Just a few words is all it took for Valve to show its cards when it comes to the soon-to-start cloud gaming war. The hint comes by way of a Github release of Valve’s partner site code, as spotted and shared by Steam Database on Twitter.
Within the Github code, there’s mention of cloud gaming, and a specific requirement statin, that “you must agree to the terms in the Steam Cloud Gaming Addendum before continuing.”
It may be a tiny morsel, but it’s a start for a meaty subject. Steam is a massive gaming platform for PC. But recently, major players like Google, Microsoft, and Sony have made serious pushes into cloud gaming with Stadia, Project xCloud, and PlayStation Now, respectively. Since cloud gaming doesn’t require dedicated gaming hardware to play, it has a lower barrier to entry than traditional console or PC gaming, and it could find a large user base.
The conveniences of cloud gaming also extend to things like load times (which can be incredibly fast, especially without the need to boot a computer or apply updates), the ability to play the same game on a wide range of devices wherever you go, and potentially even negative latency through some of Google’s A.I. trickery.
The potential of cloud gaming is clear, and companies that establish themselves early could have a lot to gain. They also could cut Valve out of the picture, since players wouldn’t go through Steam to get install and launch their games.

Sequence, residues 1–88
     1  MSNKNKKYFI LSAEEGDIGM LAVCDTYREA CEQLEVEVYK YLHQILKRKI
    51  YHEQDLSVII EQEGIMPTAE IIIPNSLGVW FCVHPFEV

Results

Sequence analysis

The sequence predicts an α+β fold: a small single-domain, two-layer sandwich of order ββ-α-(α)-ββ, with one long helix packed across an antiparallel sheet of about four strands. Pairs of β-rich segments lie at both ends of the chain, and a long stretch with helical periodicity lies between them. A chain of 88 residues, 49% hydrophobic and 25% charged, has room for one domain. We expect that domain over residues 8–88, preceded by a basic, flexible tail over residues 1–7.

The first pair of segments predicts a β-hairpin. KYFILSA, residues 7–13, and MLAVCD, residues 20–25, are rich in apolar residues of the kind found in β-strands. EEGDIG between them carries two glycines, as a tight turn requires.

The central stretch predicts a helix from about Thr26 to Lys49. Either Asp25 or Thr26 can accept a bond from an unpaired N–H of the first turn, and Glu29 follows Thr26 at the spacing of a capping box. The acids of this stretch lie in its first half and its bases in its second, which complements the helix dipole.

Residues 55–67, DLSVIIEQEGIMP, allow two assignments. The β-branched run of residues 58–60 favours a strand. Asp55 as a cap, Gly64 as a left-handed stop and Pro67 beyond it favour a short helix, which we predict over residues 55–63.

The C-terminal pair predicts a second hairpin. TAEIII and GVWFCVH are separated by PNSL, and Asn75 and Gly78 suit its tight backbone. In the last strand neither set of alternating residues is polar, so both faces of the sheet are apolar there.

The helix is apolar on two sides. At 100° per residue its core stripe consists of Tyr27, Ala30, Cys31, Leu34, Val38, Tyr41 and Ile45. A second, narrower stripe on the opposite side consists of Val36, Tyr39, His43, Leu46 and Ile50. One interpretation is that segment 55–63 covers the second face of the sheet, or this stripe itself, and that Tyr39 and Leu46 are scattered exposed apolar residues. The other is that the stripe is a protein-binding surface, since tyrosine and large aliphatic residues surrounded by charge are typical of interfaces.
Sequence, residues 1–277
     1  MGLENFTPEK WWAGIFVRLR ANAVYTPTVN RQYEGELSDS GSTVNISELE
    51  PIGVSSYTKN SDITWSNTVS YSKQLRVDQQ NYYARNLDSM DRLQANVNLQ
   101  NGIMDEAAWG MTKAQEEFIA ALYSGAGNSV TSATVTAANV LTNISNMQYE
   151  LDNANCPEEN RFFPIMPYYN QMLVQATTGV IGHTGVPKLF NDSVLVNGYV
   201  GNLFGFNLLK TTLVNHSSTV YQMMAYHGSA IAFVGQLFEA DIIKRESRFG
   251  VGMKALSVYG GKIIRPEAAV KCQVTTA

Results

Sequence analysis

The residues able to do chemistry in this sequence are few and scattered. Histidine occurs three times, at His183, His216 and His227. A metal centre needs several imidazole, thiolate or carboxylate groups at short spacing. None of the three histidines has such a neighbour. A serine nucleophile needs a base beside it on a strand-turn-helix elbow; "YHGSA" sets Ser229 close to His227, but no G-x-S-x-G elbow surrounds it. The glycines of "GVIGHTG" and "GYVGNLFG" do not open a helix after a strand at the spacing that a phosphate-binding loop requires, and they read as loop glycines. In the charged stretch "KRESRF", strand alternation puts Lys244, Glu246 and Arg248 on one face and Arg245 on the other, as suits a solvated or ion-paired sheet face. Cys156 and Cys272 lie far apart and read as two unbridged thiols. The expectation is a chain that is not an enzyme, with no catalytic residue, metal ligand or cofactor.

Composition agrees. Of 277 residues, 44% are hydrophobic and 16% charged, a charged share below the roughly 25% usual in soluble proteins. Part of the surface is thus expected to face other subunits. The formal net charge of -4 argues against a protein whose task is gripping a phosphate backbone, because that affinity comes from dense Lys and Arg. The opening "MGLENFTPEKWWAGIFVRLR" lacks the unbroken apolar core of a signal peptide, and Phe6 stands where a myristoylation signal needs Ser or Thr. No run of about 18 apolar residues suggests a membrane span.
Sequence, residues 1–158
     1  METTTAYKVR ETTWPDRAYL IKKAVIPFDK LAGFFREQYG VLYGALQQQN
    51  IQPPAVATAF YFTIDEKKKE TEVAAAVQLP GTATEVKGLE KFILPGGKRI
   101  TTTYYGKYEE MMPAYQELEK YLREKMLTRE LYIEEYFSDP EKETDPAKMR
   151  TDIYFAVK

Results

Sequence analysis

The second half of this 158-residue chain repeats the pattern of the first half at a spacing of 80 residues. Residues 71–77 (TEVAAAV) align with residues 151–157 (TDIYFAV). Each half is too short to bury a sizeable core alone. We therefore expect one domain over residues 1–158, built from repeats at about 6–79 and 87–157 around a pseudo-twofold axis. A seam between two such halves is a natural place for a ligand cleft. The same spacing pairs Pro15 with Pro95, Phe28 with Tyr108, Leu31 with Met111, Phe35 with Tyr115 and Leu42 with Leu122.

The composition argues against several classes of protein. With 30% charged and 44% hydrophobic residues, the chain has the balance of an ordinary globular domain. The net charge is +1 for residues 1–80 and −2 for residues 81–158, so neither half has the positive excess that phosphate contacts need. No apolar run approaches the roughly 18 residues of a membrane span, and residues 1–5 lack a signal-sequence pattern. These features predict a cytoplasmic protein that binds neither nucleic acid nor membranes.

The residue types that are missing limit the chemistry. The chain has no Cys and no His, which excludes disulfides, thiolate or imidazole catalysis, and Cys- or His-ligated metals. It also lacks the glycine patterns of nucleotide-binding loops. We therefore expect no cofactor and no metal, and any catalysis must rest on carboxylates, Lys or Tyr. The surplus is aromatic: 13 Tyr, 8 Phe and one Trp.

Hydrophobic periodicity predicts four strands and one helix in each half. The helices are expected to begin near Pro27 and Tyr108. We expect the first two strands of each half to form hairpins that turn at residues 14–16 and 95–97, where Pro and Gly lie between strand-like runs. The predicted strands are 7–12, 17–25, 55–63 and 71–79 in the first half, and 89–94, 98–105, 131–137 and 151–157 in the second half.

A move by Valve to introduce Steam Cloud Gaming makes perfect sense, and it’s almost a surprise to see it showing up this late. Steam already gets plenty of loyalty from gamers, with many raging when a game is exclusive to a different game store, and a Steam Cloud Gaming platform could be a smart way for the company to keep its gamers from being lured to other platforms that don’t require dedicated gaming hardware.
Die-hard PC gamers will likely continue to bristle at the notion of cloud gaming, as the video signal will be compressed and the travel time between users and servers will generally create more latency than gaming directly on a powerful computer. But all of the pros of cloud gaming are likely to make it a large platform that Valve can’t ignore.
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